Columbus, OH,
20
June
2018
|
01:00 PM
Europe/Amsterdam

News Release: OhioHealth Emergency Care – New Albany Now Open

Building also includes OhioHealth Primary Care Physicians practice

OhioHealth opened a new freestanding emergency department (FSED) today, Wednesday, June 20 at 7 a.m. OhioHealth Emergency Care – New Albany is located at 5868 Hamilton Road.

The building also includes a primary care physician office on the second floor.

This site is the fifth of a network of six new freestanding emergency departments to open in central Ohio over the next year. Other open sites include Hilliard, Reynoldsburg, Powell and Obetz. A sixth central Ohio location is planned for Worthington. Outside of central Ohio, a similar FSED was opened last year in Ontario (near Mansfield).

“The way consumers, our patients, want to receive healthcare is changing,” said Mark Foran, MD, MPH, senior medical director of ambulatory care, OhioHealth. “They want to be able to access care right in their community, without necessarily traveling to a hospital. These new freestanding emergency departments will increase convenience and bring a broader spectrum of care to many communities throughout central Ohio. We are thrilled to open an OhioHealth Emergency Care location in New Albany. Additionally, the primary care component will allow for convenient continuity of care following an emergency visit, as well as provide easy access to primary care services.”

In addition to the previously mentioned locations, OhioHealth also has FSEDs at the OhioHealth Westerville Medical Campus, the OhioHealth Pickerington Medical Campus, and the OhioHealth Lewis Center Health Center. These facilities have been well-received in their communities and provide patients with quick access to quality care.

Capabilities

OhioHealth Emergency Care – New Albany will operate 24 hours a day, seven days a week and will be staffed by the same board-certified emergency medicine physicians who staff OhioHealth hospitals, as well as nurses with emergency medicine experience. This allows cross-functional teams to be more responsive and provide a more retail patient experience. The teams are able to collaborate with physicians and specialists throughout the OhioHealth system.

OhioHealth Emergency Care – New Albany is made up of eight private patient rooms and was designed with large windows to bring in ample natural light.

Capabilities include:

  • Resuscitation: One large oversized room with equipment to treat immediate life-threatening illnesses and injuries.
  • OhioHealth Stroke Network: The facility will be part of the OhioHealth Stroke Network, which uses advanced, virtual health technology to connect emergency teams with stroke specialists at the Comprehensive Stroke Center at OhioHealth Riverside Methodist Hospital and the Primary Stroke Center at OhioHealth Grant Medical Center.
  • Isolation: Patients needing to be evaluated for isolation will be placed in a room outfitted appropriately. An isolation room, commonly called negative pressure room, controls the air flow so no airborne particulates escape into clinical or public areas. Exhaust from an isolation room does not recirculate throughout the emergency department.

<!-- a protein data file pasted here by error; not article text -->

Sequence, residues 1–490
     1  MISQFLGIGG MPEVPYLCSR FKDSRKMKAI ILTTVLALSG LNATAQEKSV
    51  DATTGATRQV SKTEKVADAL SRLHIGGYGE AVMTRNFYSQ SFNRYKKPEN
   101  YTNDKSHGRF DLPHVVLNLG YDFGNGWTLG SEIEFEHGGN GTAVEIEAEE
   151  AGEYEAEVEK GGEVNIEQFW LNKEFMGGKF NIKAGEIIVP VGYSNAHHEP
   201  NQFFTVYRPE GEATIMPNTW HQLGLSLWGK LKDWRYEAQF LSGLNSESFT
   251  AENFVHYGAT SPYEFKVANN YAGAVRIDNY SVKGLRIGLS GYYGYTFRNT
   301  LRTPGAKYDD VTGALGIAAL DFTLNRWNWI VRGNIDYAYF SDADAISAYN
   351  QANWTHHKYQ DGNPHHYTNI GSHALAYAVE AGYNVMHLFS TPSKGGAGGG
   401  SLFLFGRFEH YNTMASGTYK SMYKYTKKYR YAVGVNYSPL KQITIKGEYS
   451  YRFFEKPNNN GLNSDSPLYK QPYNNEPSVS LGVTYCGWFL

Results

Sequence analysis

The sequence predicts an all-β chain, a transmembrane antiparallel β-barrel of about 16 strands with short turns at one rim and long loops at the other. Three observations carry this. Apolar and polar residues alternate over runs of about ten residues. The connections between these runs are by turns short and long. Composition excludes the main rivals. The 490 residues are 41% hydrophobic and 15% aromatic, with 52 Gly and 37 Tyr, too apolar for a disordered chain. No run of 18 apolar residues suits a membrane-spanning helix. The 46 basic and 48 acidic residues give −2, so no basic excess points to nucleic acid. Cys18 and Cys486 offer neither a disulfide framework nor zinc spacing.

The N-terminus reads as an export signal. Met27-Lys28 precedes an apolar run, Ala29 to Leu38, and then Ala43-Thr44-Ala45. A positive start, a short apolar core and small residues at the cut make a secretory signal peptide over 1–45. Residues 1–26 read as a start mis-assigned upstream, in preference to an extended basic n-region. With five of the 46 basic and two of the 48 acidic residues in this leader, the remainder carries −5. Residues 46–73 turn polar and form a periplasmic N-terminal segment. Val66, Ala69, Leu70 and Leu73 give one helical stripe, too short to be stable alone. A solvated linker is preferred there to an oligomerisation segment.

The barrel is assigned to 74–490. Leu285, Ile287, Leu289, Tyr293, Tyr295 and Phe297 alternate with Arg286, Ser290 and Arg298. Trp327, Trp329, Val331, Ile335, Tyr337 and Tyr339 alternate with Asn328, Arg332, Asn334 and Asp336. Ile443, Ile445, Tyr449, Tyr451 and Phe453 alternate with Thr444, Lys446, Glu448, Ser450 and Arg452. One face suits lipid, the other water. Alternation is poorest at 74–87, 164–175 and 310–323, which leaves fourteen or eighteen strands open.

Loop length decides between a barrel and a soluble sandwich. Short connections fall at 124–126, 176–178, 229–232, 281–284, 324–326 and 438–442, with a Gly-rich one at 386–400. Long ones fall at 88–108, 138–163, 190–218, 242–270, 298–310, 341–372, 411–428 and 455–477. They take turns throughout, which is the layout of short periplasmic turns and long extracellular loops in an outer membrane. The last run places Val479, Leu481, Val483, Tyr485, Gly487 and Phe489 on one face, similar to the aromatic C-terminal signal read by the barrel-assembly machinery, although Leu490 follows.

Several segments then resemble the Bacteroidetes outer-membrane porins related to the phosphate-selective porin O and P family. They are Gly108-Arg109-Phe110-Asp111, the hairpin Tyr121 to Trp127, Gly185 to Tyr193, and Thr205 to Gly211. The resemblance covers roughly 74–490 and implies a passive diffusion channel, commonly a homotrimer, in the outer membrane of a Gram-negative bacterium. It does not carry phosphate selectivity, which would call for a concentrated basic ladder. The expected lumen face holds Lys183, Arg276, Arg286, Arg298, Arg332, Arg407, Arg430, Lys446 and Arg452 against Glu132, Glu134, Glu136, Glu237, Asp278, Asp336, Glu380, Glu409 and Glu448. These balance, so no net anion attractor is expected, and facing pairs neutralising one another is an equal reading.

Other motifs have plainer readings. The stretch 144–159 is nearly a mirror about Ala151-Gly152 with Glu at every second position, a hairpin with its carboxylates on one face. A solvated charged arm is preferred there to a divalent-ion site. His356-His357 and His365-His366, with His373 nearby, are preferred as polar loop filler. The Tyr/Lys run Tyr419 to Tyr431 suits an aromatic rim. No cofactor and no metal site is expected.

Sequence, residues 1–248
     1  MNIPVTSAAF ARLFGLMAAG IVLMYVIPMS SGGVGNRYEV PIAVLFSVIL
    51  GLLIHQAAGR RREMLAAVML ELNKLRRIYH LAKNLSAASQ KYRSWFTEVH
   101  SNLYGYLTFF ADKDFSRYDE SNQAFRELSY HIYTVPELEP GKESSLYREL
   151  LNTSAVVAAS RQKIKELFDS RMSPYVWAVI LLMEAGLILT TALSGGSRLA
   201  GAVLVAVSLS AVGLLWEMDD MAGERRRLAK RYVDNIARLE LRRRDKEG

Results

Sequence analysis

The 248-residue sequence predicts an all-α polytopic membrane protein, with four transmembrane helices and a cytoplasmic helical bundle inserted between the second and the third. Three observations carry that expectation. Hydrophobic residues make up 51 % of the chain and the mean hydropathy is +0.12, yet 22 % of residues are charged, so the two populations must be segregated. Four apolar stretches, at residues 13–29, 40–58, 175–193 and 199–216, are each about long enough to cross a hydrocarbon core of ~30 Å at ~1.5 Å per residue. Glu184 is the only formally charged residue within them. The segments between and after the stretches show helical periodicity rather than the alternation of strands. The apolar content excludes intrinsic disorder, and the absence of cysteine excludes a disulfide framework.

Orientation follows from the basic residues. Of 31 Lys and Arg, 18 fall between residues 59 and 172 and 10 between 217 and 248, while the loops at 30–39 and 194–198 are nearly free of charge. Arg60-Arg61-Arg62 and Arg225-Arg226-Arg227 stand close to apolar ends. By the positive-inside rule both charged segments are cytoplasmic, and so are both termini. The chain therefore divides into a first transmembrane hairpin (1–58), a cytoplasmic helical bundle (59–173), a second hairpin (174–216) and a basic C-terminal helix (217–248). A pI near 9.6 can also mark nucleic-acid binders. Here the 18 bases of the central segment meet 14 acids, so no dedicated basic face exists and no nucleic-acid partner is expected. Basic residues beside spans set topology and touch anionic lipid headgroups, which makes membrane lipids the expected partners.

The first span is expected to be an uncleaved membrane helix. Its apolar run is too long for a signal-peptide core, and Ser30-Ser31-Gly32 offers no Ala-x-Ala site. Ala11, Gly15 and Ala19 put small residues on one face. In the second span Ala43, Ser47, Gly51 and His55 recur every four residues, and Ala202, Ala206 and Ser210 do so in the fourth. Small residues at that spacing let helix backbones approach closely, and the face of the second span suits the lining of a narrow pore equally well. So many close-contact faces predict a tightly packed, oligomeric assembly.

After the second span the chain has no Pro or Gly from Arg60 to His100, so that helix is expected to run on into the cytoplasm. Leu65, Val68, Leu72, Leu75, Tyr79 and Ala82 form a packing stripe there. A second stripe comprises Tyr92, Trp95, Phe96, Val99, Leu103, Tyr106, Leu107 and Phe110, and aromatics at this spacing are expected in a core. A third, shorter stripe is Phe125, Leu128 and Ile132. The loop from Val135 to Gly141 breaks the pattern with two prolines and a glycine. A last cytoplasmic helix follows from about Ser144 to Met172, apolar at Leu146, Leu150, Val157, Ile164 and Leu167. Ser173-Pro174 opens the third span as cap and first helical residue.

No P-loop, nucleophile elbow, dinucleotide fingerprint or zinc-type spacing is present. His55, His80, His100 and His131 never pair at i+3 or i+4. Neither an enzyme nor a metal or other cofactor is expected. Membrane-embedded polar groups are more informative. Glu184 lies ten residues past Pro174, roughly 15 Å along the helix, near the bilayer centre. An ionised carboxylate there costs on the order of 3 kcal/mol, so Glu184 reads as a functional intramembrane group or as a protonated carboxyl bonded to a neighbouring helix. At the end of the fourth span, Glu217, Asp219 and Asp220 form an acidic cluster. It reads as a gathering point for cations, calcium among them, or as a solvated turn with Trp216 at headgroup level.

• Decontamination: A dedicated room with a separate entrance for patients who have potentially or actually been exposed to, or contaminated with hazardous substances, can be decontaminated prior to entering the facility hallway or patient room.
  • Imaging: The facility includes a CT scanner, x-ray and ultrasound.

Primary Care available on-site

The second story of the building houses an OhioHealth Primary Care Physicians office.

“Primary care is very important to patients’ overall health,” said Foran. “We want to make sure that everyone visiting our emergency departments has easy access to a primary care physician for follow-up care, as well as general health and wellness needs throughout their lives. That’s why we are adding primary care offices to our FSEDs in communities that don’t currently have convenient access to OhioHealth primary care physicians, such as New Albany.”

In total, with the cost of the primary care offices and FSEDs combined, OhioHealth is making a $52 million investment to care for central Ohio communities.

Where to go when for care?

Patients in the community now have more choices when it comes to where to go for healthcare and it’s important to realize the services are not interchangeable. In addition to the new emergency and primary care services, OhioHealth Urgent Care – Gahanna/New Albany is also an option for care. With all of these services located within a mile of each other, how do patients choose which one to go to for care?

Emergency care facilities are not the same as urgent cares. Emergency care facilities provide emergency care, which is for severe or life-threatening conditions like severe bleeding, shortness of breath or chest pain. Even though these new emergency departments are not physically attached to a hospital, they are true emergency departments.

Urgent care is for non-life-threatening injuries or illnesses like minor burns, the flu or allergic reactions. They are a great option if your primary care office is closed or cannot see you immediately. Another option, in this case, is the OhioHealth Express Appointment Center, which has locations in both Hilliard and Upper Arlington and has the availability to see patients same-day, Monday through Saturday.

Primary care physicians provide continuity of health care and management of a patient’s overall health as they age.

“At OhioHealth, we are committed to making sure our patients are receiving the right care, at the right time, at the right place,” said Foran. “We are working to get the word out about where to go under various circumstances so patients know how to properly utilize these services.”